In the paper I learn that the PM
wants to discourage Arts degrees.
It’s an old reason. He says they don’t lead to jobs.
So Arts degrees are getting more expensive
if he has his way.
I did an arts degree and he’s right.
No job was waiting, waving its arms at me.
But I learned stuff about people; about history
about commitment; about finishing what you start;
about teamwork; about empathy; and I got a job anyway.
In our society we like to talk about
We like to chase the future.
We are all about potential.
History is accumulated experience.
Nothing to see there. So he won’t want to know that
my experience tells me that our politicians don’t
listen to scientists, even scientists who have jobs
informing politicians. Well, especially them.
So the scientists look forwards and are told to shut up.
And the politicians look to the miners
who dig down to the past for the money of the future
and the PM doesn’t care about the history of the rocks. Only their future overseas.
He doesn’t care that the economists look to the past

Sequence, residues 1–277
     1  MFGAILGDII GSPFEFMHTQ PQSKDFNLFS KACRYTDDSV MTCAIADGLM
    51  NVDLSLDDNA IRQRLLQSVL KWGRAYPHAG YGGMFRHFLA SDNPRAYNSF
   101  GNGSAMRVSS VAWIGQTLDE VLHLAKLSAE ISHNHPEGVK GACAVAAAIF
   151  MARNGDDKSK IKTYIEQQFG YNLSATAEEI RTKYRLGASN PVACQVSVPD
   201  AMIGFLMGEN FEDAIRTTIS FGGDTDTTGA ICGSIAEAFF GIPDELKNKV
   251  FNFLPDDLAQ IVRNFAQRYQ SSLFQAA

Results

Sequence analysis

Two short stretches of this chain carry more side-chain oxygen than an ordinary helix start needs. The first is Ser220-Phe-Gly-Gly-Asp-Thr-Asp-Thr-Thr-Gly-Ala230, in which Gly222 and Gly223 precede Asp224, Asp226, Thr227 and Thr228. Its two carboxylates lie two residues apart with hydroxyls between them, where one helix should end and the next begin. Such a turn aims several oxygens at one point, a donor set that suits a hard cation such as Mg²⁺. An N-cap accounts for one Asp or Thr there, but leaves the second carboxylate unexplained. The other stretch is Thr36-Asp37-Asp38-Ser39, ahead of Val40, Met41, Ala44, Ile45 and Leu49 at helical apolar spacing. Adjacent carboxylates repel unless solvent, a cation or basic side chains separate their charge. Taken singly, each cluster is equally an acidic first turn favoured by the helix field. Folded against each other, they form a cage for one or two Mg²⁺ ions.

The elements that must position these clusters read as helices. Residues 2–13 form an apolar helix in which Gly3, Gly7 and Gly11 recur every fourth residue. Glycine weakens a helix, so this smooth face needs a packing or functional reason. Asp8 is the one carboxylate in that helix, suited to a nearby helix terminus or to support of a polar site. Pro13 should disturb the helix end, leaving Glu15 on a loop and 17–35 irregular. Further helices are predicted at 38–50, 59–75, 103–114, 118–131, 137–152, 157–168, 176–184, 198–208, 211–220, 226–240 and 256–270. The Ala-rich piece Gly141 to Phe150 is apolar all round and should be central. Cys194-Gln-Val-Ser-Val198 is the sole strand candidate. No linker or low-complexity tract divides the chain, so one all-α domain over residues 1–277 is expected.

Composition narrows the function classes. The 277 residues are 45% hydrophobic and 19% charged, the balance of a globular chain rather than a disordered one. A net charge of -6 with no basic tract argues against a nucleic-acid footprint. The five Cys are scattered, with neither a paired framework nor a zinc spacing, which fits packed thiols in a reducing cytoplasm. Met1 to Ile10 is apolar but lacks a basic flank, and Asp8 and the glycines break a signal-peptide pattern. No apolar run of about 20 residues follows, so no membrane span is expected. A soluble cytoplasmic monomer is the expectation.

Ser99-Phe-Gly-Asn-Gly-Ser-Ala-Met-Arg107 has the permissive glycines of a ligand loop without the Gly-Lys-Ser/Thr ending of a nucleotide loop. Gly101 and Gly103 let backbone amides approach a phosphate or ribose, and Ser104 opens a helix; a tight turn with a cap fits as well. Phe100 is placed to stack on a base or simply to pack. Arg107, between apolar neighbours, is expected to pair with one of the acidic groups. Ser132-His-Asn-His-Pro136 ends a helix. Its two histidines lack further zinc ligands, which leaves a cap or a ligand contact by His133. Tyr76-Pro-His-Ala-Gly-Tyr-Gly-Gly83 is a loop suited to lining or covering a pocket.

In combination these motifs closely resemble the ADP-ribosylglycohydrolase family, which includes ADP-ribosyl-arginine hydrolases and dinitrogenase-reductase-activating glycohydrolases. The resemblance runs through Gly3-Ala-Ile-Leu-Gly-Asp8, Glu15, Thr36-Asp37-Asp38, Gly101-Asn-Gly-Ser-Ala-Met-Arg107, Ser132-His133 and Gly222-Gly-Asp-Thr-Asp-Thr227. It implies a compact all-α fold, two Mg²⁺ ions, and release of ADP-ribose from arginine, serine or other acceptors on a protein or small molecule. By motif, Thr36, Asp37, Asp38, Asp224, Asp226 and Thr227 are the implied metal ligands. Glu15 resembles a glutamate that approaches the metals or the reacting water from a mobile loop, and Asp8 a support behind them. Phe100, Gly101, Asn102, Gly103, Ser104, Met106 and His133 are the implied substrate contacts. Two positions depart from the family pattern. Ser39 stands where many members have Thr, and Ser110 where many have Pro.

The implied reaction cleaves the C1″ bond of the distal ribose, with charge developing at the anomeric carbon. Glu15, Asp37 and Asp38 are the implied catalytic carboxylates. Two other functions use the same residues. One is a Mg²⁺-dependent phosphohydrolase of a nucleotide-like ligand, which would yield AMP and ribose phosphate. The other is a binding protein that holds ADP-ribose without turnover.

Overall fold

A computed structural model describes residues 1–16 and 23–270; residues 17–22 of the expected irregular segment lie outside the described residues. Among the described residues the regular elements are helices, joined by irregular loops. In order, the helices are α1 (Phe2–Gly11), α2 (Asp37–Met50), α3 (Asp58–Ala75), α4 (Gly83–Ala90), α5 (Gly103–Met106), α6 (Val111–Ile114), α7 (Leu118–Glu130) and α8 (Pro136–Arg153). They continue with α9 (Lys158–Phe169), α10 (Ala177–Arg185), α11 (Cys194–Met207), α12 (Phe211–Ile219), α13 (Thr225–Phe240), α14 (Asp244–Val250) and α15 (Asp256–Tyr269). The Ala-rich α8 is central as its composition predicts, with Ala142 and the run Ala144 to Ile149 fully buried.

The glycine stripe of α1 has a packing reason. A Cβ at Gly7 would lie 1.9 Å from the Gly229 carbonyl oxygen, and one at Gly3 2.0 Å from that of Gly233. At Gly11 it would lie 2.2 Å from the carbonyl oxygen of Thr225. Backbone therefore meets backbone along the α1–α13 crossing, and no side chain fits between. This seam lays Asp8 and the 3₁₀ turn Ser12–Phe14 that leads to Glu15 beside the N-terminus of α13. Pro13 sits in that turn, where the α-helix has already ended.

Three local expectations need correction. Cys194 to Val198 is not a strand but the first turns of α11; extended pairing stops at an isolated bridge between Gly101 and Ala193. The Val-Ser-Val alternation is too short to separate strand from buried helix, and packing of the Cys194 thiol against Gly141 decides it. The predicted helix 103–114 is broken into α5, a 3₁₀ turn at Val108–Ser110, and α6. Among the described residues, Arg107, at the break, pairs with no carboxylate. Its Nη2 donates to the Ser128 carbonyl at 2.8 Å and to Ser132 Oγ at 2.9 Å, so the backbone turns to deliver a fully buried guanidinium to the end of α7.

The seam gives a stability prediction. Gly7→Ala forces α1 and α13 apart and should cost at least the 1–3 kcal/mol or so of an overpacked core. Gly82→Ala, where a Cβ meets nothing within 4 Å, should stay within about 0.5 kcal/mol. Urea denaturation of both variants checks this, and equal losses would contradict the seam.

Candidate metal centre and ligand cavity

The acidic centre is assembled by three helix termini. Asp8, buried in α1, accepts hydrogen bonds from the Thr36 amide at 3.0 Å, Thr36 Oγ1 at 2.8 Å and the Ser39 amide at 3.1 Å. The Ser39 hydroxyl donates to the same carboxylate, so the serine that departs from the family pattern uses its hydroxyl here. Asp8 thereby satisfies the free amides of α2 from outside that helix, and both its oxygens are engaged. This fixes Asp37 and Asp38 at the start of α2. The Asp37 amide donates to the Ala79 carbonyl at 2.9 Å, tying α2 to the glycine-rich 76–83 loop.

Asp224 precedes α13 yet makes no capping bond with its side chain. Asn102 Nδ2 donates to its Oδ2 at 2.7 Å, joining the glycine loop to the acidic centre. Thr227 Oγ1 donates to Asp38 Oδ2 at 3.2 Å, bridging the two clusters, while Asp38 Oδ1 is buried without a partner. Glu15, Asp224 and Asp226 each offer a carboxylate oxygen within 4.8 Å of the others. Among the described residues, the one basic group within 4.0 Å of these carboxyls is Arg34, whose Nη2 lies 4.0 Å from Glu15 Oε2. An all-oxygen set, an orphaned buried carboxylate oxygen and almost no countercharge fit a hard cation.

and the lawyers and the doctors depend on the past
for decisions of the future. He ignores that kind of value.
So it’s easy to see how historians who openly state their aims;
and the artists who are the mirrors to help society examine itself;
how the linguists who help international communication;
how the designers who furnish our houses and offices…
are unemployable. So they must pay more.
Unlike the undervalued scientists who somehow are better.
Until they say the wrong thing. So their projects don’t get funded.
And then they’re unemployed.
2 thoughts on “A Circular Discussion that Got me Confused…”
I believe that quite a few of our current politicians have studied law or economics. Maybe they are redundant too. People who know history are so inconvenient the way they keep reminding everyone of what happened in the past.
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Perfectly put. You would not make a “good” public servant, and if you are a public servant, or were once one, then you would certainly be unhappy in your role. I was an Arts graduate, and a secretary when I joined the public service. I also studied economics so I could talk the lingo. Shock horror, I actually provided policy advice!
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